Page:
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Year of the Artist, Day 306: Mark Texeira, Part 2 – Jonah Hex #89 and Hex #14

by  in Comic News Comment
Year of the Artist, Day 306: Mark Texeira, Part 2 – <i>Jonah Hex</i> #89 and <i>Hex</i> #14

Every day this year, I will be examining the artwork on a single comic book story. Today’s artist is Mark Texeira, and the issues are Jonah Hex #89 and Hex #14, both of which were published by DC and are cover dated February 1985 and October 1986, respectively. Enjoy!

Man, I’m cheating so much these days it’s not even funny. I know I suck, but that’s the way it is. As I was looking over my collection of mid-1980s Mark Texeira comics, of which there are not many, I noticed that this issue of Jonah Hex (which was Texeira’s first on the title) features a different kind of style than Hex #14. This is interesting for a number of reasons. First of all, the Jonah Hex/Hex divide, which straddled Crisis on Infinite Earths, has to be an early example of a comic book company rebooting a title with a new #1 just for the hell of it, right? I mean, yes, the direction of the series shifted dramatically (Hex is the infamous “Jonah in the future” story), but the final issue of the original series, #92 (drawn by Gray Morrow), had the story of Jonah leaping forward in time, so Hex was just a continuation of that, and both Michael Fleisher and Texeira were part of the new creative team. It’s bizarre, as it’s such a “Marvel NOW!” thing to do, but DC did it 30 years ago!

Does any of this has to do with the artwork? Of course not! Let’s get to that, shall we?

I don’t know who this is – she doesn’t get a name in this comic – but I wanted to show her to set up something else later in the post. It’s all about foreshadowing and symmetry, people! Texeira, here inked by Dennis Janke, gives us smoother lines than we saw yesterday, with nice blacks and beautiful hatching, showing the way the light hits the woman’s face. As it’s so close in, Texeira can take some time with it, but it’s still a very nice-looking drawing. Remember it!

Texeira continues to get better with spot blacks in this comic, as we see here. The blacks in Panel 2 make the man’s fear more palpable, and the black background in Panels 4 and 5 make the characters stand out more. This is still a bit more rounded than we’ll see Texeira’s pencil art become, but he is becoming more confident with his line work, and he moves us around the page quite well. This is solid work, although it’s still not “Texeira-esque.”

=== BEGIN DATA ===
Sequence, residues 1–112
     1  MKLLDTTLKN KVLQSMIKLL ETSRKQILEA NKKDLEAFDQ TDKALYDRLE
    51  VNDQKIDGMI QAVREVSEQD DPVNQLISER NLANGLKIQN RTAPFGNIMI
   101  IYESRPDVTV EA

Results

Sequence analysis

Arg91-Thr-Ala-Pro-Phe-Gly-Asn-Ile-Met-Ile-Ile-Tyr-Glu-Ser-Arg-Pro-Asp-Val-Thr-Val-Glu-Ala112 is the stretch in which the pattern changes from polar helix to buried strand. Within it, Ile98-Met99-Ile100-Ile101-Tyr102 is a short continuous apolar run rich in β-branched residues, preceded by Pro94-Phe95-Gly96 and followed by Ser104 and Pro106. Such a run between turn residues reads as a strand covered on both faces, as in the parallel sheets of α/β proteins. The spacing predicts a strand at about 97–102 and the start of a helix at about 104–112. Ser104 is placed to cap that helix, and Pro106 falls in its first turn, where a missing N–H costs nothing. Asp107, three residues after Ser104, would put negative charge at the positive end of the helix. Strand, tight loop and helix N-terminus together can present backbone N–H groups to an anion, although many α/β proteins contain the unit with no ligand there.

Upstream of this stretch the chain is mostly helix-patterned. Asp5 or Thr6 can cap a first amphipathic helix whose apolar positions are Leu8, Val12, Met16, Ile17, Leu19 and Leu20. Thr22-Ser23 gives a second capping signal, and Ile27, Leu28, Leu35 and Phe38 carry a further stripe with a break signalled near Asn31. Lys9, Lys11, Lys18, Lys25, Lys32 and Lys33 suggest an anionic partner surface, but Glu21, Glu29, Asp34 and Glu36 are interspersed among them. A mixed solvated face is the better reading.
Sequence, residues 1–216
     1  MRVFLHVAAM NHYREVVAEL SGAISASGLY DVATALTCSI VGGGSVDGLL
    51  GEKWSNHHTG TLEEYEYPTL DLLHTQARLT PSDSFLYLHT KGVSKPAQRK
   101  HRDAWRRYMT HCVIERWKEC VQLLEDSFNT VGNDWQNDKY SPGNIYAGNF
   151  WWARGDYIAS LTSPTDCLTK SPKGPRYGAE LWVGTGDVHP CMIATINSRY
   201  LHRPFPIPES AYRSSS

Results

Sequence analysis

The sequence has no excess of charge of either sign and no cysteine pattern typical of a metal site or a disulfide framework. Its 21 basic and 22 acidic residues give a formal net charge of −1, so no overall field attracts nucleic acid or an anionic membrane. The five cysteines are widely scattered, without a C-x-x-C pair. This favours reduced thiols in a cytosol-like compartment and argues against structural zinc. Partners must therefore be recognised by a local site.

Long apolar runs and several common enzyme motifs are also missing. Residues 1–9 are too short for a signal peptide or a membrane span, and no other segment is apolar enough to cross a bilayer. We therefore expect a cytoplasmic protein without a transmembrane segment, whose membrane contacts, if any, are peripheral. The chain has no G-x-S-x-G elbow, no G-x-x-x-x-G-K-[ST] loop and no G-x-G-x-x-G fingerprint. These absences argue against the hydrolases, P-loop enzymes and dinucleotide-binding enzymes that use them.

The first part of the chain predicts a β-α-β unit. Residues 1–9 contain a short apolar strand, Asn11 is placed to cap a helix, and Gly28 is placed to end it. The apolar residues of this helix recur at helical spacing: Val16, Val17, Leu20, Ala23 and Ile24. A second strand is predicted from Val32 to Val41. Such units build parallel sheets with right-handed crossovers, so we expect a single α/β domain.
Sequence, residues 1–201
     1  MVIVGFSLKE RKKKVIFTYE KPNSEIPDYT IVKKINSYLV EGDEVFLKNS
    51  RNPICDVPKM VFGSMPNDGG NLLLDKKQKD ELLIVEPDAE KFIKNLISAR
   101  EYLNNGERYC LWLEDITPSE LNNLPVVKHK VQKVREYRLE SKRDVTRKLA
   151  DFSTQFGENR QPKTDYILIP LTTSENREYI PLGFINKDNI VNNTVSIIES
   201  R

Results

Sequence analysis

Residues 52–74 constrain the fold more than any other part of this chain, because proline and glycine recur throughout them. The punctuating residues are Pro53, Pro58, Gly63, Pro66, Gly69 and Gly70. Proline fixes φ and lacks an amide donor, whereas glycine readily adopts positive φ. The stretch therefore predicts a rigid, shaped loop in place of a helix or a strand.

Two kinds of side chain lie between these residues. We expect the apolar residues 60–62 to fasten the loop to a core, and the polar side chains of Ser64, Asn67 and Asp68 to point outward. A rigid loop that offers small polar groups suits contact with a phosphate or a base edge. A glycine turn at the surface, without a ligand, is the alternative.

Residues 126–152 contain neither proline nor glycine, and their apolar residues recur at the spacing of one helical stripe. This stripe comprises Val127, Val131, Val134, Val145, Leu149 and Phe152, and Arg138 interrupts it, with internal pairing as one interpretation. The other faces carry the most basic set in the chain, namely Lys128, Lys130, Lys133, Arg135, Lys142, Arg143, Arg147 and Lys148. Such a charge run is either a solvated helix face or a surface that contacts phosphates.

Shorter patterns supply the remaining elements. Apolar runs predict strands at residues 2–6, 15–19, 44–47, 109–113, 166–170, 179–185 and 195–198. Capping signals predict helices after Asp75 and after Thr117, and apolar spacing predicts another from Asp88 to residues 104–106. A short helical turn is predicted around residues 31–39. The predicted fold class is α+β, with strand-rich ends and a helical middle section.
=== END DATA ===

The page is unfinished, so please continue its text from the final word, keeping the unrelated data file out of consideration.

This is a really nice layout, and Texeira shows that he’s getting quite good at action scenes. His figures flow across the panels, and he places them where their movements can have maximum impact. Miss Starr moves our eyes from left to right in Panel 1 with her swing and the way her victim falls backward, and both she and the thug are drawn well to show the force of the blow. In Panel 2, we’re still with the punk, as we see the pain he’s in, while the other jerks advance on Miss Starr, whom Texeira puts in the deep background, shrinking her and implying the peril she’s in. We get the overhead view of the scene in Panel 3, and Texeira draws the thugs as lanky and lean, but still dangerous. Mr. Erdnase, the “professional gambler,” stands casually in between the punks and Miss Starr, who still clutches the stick, ready to defend herself. Texeira moves us from left to right in Panel 4, as Erdnase takes out one thug, and while he goes against the grain in Panel 5 because the punch goes right to left, the sound effect and Miss Starr’s presence on the right side of the panel balance it and keep us moving to the right. In Panel 1, Texeira doesn’t use borders, and Panel 5 is smaller, while Panel 3 also doesn’t have borders, so the page tends to form a diamond, opening up in the middle but then focusing us down to a smaller area in Panel 5. It’s a nicely designed page.

Hex has a dream, which is why Bob LeRose colors this page pink, but that’s not important right now! Texeira uses nice blacks on the horse to make its hair shine, and he and Janke use rough lines on the landscape and Hex, which is always a good idea given that Hex is rough around the edges. Texeira has figured out some nice ways to draw figures, as Hex’s tumble from the horse in Panel 4 is well done. Texeira and Janke use motion lines well, as it makes the page a bit more kinetic. Nothing is terribly stable when you’re riding around on a horse, so the motion lines help create that feeling.

After Jonah Hex came to an end, DC decided to throw him into a post-apocalyptic 21st century, which had to have been a bit weird. I only one issue of this series (once again, the 50¢-boxes at ye local comics shoppe are my friend!), so I’m not sure when Texeira began to show signs of turning into the Texeira who became a big star, but it’s certainly evident by issue #14!